Russia's south to demand tourists get vaccine amid COVID-19 surge

The number of confirmed nationwide cases surged to 20,182 on Thursday

  

MOSCOW- Russia's holiday resort region on the Black Sea told tourists on Thursday it would not let them visit later this summer without a COVID-19 vaccination, part of a government campaign to speed up the inoculation drive amid a wave of infections.

The number of confirmed nationwide cases surged to 20,182 on Thursday, the most confirmed in a single day since Jan. 24. Both Moscow and St Petersburg recorded their most coronavirus-related deaths in a single day since the pandemic began.

The authorities have blamed the case surge on the Delta variant and people's reluctance to get vaccinated despite the widespread availability of COVID-19 shots.

Officials have tried to capitalise on international travel restrictions caused by the pandemic to boost domestic tourism and demand for resorts such those in the southern Krasnodar region on the Black Sea.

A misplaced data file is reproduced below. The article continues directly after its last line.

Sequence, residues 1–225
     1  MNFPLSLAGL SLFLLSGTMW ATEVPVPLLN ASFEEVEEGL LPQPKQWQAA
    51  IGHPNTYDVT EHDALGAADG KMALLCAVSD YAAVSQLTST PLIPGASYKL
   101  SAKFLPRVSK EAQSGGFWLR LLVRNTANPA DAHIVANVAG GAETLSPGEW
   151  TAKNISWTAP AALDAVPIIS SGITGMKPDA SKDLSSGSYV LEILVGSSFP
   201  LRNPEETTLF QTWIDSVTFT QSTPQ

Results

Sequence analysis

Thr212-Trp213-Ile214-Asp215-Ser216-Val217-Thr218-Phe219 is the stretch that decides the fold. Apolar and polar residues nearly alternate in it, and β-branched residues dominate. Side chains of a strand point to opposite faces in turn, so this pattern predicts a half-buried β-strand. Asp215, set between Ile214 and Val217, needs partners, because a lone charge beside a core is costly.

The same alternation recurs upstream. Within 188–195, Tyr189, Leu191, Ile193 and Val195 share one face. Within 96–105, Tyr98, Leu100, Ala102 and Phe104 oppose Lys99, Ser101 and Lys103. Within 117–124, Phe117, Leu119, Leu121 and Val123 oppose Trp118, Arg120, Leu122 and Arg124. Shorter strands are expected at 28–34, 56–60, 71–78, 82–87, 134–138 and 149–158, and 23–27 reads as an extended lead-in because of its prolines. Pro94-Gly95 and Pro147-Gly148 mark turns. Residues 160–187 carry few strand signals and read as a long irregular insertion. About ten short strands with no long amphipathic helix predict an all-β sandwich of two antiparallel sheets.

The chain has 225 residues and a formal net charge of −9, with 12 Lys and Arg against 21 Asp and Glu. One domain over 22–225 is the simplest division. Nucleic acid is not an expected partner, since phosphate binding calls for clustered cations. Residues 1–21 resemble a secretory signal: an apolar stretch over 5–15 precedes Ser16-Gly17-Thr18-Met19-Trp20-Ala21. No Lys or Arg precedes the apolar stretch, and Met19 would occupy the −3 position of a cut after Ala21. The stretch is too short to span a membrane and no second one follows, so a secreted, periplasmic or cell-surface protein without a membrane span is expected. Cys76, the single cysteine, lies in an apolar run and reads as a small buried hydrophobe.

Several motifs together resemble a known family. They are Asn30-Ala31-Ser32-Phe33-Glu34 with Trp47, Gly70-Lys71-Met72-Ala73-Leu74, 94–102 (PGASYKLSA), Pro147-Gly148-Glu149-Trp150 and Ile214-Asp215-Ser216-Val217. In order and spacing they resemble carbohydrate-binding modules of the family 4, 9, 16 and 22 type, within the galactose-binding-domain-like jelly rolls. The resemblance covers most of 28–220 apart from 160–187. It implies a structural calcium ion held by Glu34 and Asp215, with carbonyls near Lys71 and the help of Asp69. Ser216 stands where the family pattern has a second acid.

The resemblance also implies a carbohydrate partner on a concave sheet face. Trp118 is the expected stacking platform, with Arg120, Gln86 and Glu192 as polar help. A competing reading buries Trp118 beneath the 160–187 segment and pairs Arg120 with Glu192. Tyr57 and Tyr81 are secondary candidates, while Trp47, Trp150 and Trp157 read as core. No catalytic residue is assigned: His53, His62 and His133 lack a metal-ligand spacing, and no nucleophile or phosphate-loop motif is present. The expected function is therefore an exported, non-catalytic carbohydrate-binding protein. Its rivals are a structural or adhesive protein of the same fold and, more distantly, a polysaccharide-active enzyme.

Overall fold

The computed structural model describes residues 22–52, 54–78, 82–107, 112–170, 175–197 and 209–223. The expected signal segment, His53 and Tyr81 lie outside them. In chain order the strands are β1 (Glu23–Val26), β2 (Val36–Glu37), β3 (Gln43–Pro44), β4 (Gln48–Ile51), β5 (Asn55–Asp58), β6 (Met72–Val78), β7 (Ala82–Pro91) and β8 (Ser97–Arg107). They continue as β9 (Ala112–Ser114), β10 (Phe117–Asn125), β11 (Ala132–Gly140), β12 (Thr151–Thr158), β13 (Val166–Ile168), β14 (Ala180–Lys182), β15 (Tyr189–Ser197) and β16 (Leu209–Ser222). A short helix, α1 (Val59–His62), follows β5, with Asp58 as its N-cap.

But on Thursday, the region's authorities said the number of people hospitalised with COVID-19 was rising. It ordered hotels and health resorts to admit people from July 1 only if they have tested negative or were vaccinated against COVID-19.

From Aug. 1, that requirement will be tightened and people will only be allowed in if they have had the vaccine, the regional authorities said.

Officials have scrambled to compel people to get inoculated amid tepid demand for the vaccine since cases began surging this month.

Moscow's authorities have ordered bars and restaurants from Monday to serve people only if they can present a QR-code showing they have been vaccinated, had an infection indicating immunity or recently tested negative.

Unvaccinated people are to be refused non-emergency hospital treatment. Last week Moscow gave employers in public services a month to ensure that 60% of their staff had been vaccinated or else face a fine. 

Authorities said on Thursday that such employers should suspend staff who refuse to get vaccinated as part of that directive unless they have special medical dispensation.

(Reporting by Gleb Stolyarov and Maxim Rodionov Writing by Tom Balmforth Editing by Alison Williams, Philippa Fletcher and Peter Graff) ((Tom.Balmforth@thomsonreuters.com))


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